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Magda Tagliaferro

From Wikipedia, the free encyclopedia

Magda Tagliaferro
Magda Tagliaferro, 1955
Magda Tagliaferro, 1955
Background information
Born(1893-01-19)19 January 1893
Petrópolis, Brazil
Died9 September 1986(1986-09-09) (aged 93)
Rio de Janeiro, Brazil
InstrumentsPiano

Magdalena Maria Yvonne Tagliaferro (19 January 1893 – 9 September 1986)[1] was a Brazilian-born pianist of French parentage.[2]

Magdalena Tagliaferro was born in Petrópolis, Brazil. Her father, who had studied piano with Raoul Pugno in Paris, was a voice and piano professor in São Paulo Conservatory. He was her first teacher.[3]

The cellist Pablo Casals heard Tagliaferro play in São Paulo when she was eleven, and he encouraged her to study at the Conservatoire de Paris.[4] She went to Paris with her parents. Her father arranged for her to play for Pugno, who was impressed and recommended her to Antonin Marmontel at the Conservatoire. She entered the Conservatoire in 1906 in Marmontel's class and was awarded the Premier Prix (the highest examination award for performance) in 1907. Subsequently, she studied with Alfred Cortot and the two remained friends for the rest of his life.[5] She developed a reputation[citation needed] for striving towards the realization of the musical ideals exemplified by Cortot: a perfect union of clarity and tenderness, inner strength and emotion and classical balance in shaping the works being interpreted.[6][7]

During her studies at the Conservatoire, the director, Gabriel Fauré invited her on a short tour with him. Later, she performed many of his compositions. During her career, her recital engagements took her to the musical centers of more than 30 countries in Europe, Africa, America, and Asia. She was also very active as a soloist, performing with many leading orchestras and performed with many distinguished conductors, including Felix Weingartner, Issay Dobrowen, Pierre Monteux, Wilhelm Furtwängler, Hans Knappertsbusch, Paul Paray, Vincent d'Indy and Désiré-Émile Inghelbrecht. Other solo artists, such as Cortot, Jacques Thibaud, George Enescu, Jules Boucherit and Pablo Casals performed with her in joint recitals. Composers sought her for premieres of their works, sometimes specifically intending that Tagliaferro be the first artist to perform their compositions.[citation needed] She, in turn, applied herself to performing new works by composers such as Reynaldo Hahn, Jean Rivier, Gabriel Pierné and Heitor Villa-Lobos.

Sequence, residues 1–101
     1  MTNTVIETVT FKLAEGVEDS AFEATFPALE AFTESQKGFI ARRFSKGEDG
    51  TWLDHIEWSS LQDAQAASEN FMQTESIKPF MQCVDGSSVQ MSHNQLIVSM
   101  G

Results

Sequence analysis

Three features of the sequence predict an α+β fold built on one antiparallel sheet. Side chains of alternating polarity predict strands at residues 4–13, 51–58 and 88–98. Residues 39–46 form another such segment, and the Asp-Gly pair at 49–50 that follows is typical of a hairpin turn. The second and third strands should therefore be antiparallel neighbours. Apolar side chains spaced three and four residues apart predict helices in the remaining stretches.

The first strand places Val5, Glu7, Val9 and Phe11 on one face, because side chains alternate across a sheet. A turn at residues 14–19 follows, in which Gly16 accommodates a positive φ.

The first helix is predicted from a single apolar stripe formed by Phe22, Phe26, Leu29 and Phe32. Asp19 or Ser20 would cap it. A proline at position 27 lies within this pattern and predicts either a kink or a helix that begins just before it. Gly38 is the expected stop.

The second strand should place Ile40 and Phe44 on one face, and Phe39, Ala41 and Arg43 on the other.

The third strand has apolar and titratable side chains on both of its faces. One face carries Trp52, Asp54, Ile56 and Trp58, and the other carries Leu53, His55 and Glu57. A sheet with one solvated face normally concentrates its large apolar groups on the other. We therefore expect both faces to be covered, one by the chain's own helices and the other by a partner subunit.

Tagliaferro also had a distinguished career as a pedagogue. She taught at the Paris Conservatoire from 1937 to 1939, where Polish pianist Władysław Kędra was among her students, invited by her when she heard him play as she judged the III International Chopin Piano Competition in Warsaw, Poland in February–March, 1937. She also created her own school in Paris and later in Rio de Janeiro and in São Paulo. She gave numerous masterclasses in many countries and created a piano competition. Her many students included Pnina Salzman, Jeanne Demessieux, Lycia de Biase Bidart, Flavio Varani, Cristina Ortiz, Maria Teresa Naranjo Ochoa, Jorge Luis Prats, Gayle Sharlene Brown, James Tocco and Caio Pagano.

Tagliaferro maintained a critically acclaimed[citation needed] capacity for beautifully crafted playing into her nineties. She died at Rio de Janeiro, Brazil.

YouTube Encyclopedic

  • 1/3
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  • Magda Tagliaferro plays Chopin Piano Concerto No. 2
  • Magda Tagliaferro plays Hahn Piano Concerto (1937)
  • Magda Tagliaferro plays Falla - Danza No.1 from "La vida breve"

Transcription

Selected recordings

  • “ The Complete 78-rpm solo and concerto recordings”. Works by Fauré, Hahn, Saint-Saëns, Debussy, Mozart, Chopin… recordings, 1928 at 1954). 3 CD APR 2021. Diapason d’or


References

  1. ^ Timbrell, Charles (2001). Tagliaferro, Magda(lena). 1. Oxford University Press. doi:10.1093/gmo/9781561592630.article.41425.
  2. ^ Anne Commire; Deborah Klezmer (2002). Women in World History: A Biographical Encyclopedia. Yorkin Publications. ISBN 978-0-7876-4074-3.
  3. ^ [1]
  4. ^ [2]
  5. ^ [3]
  6. ^ [4]
  7. ^ 88 notes pour piano solo, Jean-Pierre Thiollet, Neva Editions, 2015, p. 51. ISBN 978-2-3505-5192-0

External links

This page was last edited on 20 August 2021, at 20:20
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